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Al Ain zoo boasts of its six African wild dog puppies.

Summary: DUBAI -- The Al Ain Wildlife Park and Resort (AWPR) is set to showcase a precious litter of six African wild dog puppies to the public that were born in November 2010 as a part of the sanctuary's Desert Carnivore Conservation and Breeding Programme.

DUBAI -- The Al Ain Wildlife Park and Resort (AWPR) is set to showcase a precious litter of six African wild dog puppies to the public that were born in November 2010 as a part of the sanctuary's Desert Carnivore Conservation and Breeding Programme.

The species, whose scientific name is Lycaon pictus, had been officially listed as endangered by the International Union for the Conservation of Nature (IUCN) Red List in 1990.

"The AWPR is the only zoo in the UAE that exhibits the African Wild Dogs and it is interesting to observe how these pups will behave in a social environment. Reproduction is seasonal, and when new packs form, the alpha pair may not mate immediately. The mature dogs in the pack will teach the young to hunt and this is a great chance to educate visitors on the species and their conservation.

We will be keeping a close eye on the puppies' growth rate and ensure they are taken care of in a secure environment with minimal disturbances. It is important to give them space and monitor their progress," said Farshid Mehrdadfar, manager of the Animal Collection Department at AWPR.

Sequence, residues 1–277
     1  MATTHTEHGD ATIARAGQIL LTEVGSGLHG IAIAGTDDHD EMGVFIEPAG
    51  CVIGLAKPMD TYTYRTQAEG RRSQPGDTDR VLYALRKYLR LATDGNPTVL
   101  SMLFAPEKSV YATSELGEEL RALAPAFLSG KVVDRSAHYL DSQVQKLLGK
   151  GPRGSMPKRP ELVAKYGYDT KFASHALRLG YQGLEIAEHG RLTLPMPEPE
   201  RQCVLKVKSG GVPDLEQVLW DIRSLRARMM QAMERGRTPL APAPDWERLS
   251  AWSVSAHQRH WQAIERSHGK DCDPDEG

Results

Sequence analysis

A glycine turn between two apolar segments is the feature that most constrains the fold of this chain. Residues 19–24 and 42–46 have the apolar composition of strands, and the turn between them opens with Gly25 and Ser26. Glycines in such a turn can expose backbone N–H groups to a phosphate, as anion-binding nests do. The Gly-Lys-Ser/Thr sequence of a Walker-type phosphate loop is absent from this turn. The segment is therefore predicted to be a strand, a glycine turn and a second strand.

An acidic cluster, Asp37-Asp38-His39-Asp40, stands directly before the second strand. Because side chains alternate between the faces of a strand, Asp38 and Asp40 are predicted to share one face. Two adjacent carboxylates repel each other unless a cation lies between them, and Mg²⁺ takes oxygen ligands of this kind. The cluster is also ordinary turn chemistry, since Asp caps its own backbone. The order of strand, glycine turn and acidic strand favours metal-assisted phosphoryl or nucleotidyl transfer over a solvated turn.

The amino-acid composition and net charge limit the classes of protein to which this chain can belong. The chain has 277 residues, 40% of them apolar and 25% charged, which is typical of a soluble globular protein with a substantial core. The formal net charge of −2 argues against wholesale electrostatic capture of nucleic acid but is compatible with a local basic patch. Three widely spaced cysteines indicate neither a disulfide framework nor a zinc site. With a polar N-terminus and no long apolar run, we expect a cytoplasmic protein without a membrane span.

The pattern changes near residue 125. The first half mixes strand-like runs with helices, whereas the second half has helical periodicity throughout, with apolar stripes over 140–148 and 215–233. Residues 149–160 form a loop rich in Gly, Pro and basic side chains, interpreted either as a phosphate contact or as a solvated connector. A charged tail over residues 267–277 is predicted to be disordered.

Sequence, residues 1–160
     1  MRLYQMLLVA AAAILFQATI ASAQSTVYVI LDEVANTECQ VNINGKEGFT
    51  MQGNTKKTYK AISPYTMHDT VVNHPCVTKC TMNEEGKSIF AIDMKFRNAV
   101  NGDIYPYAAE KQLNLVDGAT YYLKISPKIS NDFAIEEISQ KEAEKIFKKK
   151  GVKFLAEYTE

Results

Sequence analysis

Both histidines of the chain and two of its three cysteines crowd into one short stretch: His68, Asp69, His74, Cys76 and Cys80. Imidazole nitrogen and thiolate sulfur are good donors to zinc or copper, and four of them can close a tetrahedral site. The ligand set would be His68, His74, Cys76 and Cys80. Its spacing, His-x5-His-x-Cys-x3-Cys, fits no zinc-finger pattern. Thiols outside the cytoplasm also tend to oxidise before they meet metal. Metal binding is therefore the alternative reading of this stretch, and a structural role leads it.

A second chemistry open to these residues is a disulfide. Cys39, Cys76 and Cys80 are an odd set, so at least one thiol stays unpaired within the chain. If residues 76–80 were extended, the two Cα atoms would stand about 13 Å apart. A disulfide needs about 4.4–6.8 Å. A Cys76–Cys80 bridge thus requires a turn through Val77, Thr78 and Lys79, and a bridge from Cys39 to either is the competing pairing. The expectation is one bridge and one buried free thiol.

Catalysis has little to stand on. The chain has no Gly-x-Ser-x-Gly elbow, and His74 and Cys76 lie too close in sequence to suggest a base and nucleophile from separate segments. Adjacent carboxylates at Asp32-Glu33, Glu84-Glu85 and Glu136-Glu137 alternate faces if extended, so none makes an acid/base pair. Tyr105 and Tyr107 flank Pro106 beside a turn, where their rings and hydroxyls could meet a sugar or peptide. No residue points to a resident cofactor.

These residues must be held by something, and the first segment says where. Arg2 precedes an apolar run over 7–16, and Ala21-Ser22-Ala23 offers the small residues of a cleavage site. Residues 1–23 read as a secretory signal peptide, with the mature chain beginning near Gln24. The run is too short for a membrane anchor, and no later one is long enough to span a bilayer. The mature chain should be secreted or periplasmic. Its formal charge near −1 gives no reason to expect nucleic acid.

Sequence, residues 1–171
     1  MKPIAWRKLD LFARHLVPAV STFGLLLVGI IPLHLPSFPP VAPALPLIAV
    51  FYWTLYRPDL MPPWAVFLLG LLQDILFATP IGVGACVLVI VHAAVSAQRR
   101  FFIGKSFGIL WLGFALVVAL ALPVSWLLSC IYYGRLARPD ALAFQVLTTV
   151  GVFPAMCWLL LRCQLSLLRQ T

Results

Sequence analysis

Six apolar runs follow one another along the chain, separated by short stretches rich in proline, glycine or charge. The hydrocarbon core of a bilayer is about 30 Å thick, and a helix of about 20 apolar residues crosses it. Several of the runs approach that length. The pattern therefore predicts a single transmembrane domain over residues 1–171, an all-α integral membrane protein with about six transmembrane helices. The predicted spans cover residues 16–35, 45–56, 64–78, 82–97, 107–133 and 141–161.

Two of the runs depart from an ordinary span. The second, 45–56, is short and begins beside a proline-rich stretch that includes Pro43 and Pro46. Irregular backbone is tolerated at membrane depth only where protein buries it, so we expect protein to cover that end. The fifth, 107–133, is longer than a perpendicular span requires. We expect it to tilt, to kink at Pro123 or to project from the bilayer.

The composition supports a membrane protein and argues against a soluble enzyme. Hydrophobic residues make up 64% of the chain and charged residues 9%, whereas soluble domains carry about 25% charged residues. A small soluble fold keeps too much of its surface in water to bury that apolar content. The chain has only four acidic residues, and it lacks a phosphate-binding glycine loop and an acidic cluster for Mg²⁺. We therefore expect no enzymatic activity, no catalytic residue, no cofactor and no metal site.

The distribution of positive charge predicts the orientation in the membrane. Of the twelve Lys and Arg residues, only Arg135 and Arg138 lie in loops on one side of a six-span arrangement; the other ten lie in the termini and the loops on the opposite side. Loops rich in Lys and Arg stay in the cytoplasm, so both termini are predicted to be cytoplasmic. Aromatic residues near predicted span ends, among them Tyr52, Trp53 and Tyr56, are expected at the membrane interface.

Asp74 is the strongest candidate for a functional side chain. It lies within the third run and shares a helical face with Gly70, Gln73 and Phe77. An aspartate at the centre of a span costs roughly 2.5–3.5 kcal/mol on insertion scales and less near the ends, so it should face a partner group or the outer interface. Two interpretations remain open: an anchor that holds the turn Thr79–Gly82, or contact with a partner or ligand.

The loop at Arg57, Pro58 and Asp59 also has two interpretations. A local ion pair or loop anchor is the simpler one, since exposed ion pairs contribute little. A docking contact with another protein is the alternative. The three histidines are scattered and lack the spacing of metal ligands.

African Wild Dogs belong to the family of dogs and are often mistaken for hyenas due to their large head and swiftness.

The fall in their numbers owes itself to human persecution, habitat loss, decline in prey species, and disease such as rabies and distemper. And because of migrating nature of the animals, it is difficult to determine the exact number and location of the remaining population.

"This (breeding programme) is the second success of the plan. We are focusing on species that live in the desert environment, such as African lion, Arabian leopard, sand cats and caracals, to name a few, so we can learn how to preserve these animals for the UAE, for its people and future generations. The desert ecosystem is a delicate environment and it is so sensitive that slight changes in it will tear off balance," he said.

The Desert Carnivore Conservation and Breeding Programme started in 2009 and was initiated to stop the number of species that thrive in the hot, sandy environment from dwindling. The AWPR's first achievement under the programme was the birth of sand cats through in-vitro fertilisation and embryo transfer.

According to Mehrdadfar, it was a successful attempt that the rest of the world could not achieve.

farhana@khaleejtimes.com

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Publication:Khaleej Times (Dubai, United Arab Emirates)
Date:Feb 8, 2011
Words:460
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